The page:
Are Second Systems Inevitable10/11/2023
Fred Brooks in his book Mythical Man-Month famously described a phenomenon he coined the “Second System Effect” (also called a “syndrome” for a more alliteratively memorable phrase). Brooks’s work is famous partly for advancing “Brook’s Law” where “Adding manpower to a late software project makes it later.”
These two ideas are related. In his seminal 1975 work, Brooks argued that “second systems” are almost always bloated and overwrought because engineers seek to solve all problems existing in the first system and this results in their “second system” taking on an unworkably large and overly ambitious set of features and traits. This is why Brooks was impelled to add engineers to the superceding system he was working on at IBM, the failure of which later became the inspiration for his book, where he observed the paradoxical effect that adding people to the late project made it later. Overall, though, second systems like this where engineers try to pack in features they left out of the first system are doomed to failure, Brooks argues, which is the phenomenon we now call “Second System Syndrome.”
I’m interested in second systems, in general, but not necessarily the “syndrome” Brooks identified. Obviously, technical organizations manage to throw away old systems and build new ones without committing the errors Brooks has identified. Nevertheless, second systems are hard, so it’s worth asking why engineering organizations are compelled to do it?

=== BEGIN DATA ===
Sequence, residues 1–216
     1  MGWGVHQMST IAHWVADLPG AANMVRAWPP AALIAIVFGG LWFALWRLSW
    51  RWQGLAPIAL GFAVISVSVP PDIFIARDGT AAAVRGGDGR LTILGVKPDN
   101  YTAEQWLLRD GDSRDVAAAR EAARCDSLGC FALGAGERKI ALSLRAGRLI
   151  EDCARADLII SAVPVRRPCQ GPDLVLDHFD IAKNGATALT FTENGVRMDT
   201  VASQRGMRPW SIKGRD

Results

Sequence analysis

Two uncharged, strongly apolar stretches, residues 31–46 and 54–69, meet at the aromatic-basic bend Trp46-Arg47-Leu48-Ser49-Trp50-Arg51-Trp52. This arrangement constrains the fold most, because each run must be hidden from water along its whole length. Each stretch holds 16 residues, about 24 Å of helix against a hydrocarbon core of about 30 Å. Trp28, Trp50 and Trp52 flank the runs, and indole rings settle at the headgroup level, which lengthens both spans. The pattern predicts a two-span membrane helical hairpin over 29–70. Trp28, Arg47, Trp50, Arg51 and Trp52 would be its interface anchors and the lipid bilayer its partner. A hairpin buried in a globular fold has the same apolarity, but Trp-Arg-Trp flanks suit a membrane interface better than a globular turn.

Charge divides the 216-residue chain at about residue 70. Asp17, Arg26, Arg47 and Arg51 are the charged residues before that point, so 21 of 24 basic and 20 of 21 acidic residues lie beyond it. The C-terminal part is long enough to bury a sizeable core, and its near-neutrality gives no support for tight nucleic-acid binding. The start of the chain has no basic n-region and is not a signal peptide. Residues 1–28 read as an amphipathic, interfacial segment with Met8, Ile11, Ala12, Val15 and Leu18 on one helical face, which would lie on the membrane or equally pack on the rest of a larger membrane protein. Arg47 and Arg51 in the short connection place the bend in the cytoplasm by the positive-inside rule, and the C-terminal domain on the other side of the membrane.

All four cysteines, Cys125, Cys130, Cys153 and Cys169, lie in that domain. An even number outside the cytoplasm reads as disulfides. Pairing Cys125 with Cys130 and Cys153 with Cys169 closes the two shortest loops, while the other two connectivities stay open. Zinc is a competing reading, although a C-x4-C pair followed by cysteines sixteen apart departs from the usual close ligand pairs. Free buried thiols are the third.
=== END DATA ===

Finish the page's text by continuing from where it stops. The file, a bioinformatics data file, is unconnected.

Last week, we talked about this topic on the podcast and my cohost Mike Mull argued that there’s a form of entropy at work in successful software systems which means they have a lifespan: the more contributors over a long enough period of time, the more likely the system you have turns into something that is an unmaintainable mess. Thus, in his view there’s an inevitability to second systems: any successful software system will be completely replaced at some point in the future.
And to find someone who agrees with Mike’s perspective, we need look no further than Leslie Lamport, who stated on a recent podcast:
The world changes. If you build a program, and it’s really used a lot, you’re going to want to modify it at some point. And the real world is, you’re not going to go back and start from scratch and redo everything. You’re going to start patching it. And we’ve seen that happen, and as it goes on, that program gets harder and harder to deal with, harder and harder to modify… And eventually, either the code is going to be thrown away, or it’s going to be rewritten from scratch. You know entropy? That’s a law.
So it turns out that Mike is probably onto something with this entropy idea! Entropy is a force that works against “maintainability” (which is a form of order for software systems).
Why Do People Build Second Systems
Indeed, “maintainability” seems to be a common reason given for building second systems, in contrast to the reasons surmised by Joel Spolsky in his famous post: “Things You Should Never Do”. Consider the following examples:
- IRS rewrites the Individual Master File
- AWS Migrates off of Oracle
- Dropbox rewrites their “Sync” system
- Twitter moves from Ruby on Rails to Java